With recent career changes and a few months without a second income, we have been looking at ways to improve our finances. Like many other people during the pandemic, we experienced job loss and decreased wages last year. The loss in work pushed us to move sooner and make changes. One thing we settled on doing to help improve our situation was selling back debt that is no longer serving us. Here’s how we are doing it.
Selling Back Debt
You may be thinking to yourself, “There is no debt that serves you.” However, when it comes to the debt we have had to take out to further our careers, it was serving us in a way. You may remember my husband’s tool debt from his time in the shop as a mechanic. When the pandemic hit, the shop he was working for downsized, and he was one of the newest employees, so he was cut.
This put us in a position where we had to continue paying for tools that weren’t being used as well as a storage unit to keep them in. It was a major drag on our finances overall. Eventually, because we no longer had that second income, it became impossible to keep up with the monthly payments. So, we started looking at our options.
At first, we looked at selling the toolbox and some of the tools to help pay off the debt. Once again, the pandemic made this pretty impossible. No one was looking to spend thousands of dollars on a toolbox when a lot of other people were out of work too. Eventually, the account went into collections early this year as we continued to look at our options.
How Selling the Debt is Helping Us
After discussing the issue with the company we are indebted to, they said they would be willing to buy back some of the items he had purchased and subtract the total from the amount owed. While this didn’t completely get rid of the debt we have, it did get the storage bill off our backs. It also decreased the amount we owed by $7,500 when all was said and done.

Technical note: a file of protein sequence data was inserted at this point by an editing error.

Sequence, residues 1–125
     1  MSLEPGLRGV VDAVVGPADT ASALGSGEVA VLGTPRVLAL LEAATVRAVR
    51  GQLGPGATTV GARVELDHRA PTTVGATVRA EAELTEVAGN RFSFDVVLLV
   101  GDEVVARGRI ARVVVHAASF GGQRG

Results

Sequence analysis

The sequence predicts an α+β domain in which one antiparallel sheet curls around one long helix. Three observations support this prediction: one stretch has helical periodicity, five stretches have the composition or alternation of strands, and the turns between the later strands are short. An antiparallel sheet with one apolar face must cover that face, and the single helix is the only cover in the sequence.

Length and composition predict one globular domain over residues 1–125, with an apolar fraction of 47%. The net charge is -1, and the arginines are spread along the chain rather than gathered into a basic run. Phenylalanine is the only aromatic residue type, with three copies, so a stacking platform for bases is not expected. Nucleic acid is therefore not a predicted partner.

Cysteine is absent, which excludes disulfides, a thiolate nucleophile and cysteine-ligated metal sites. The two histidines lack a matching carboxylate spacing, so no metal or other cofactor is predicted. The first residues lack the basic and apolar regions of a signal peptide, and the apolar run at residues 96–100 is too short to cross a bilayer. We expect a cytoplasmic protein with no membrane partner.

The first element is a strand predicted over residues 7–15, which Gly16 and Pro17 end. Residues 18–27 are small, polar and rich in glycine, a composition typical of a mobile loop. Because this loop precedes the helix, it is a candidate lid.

We didn’t get rid of everything either. They wouldn’t buy back used tools. So, my husband still has everything he needs in the event he wants to return to working in a shop or wants to do some side work as a mechanic. So, the security of having the tools for the job is still there.
For now, it also gets the monthly bill off our plate. Obviously, the amount in collections will still need to be paid off, but the $400+ monthly bill is not weighing on us at this very moment. We can shift our focus to paying off some other items, getting things caught up, and then settling with the collections agency later on in the year. For us, that is a win.
Readers, have you ever sold back debt like we did?
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P.s. if you have a huge amount of debt, you could always consider selling some spare things around your house. This could be old clothes you aren’t using, household goods, collectibles like comic books, old electronics or appliances. A good rule of thumb is that if you haven’t used it in a year, consider getting rid of it.
Amanda Blankenship is the Director of Social Media for District Media. In addition to her duties handling everything social media, she frequently writes for a handful of blogs and loves to share her own personal finance story with others. When she isn’t typing away at her desk, she enjoys spending time with her daughter, husband, and dog. During her free time, you’re likely to find her with her nose in a book, hiking, or playing RPG video games.
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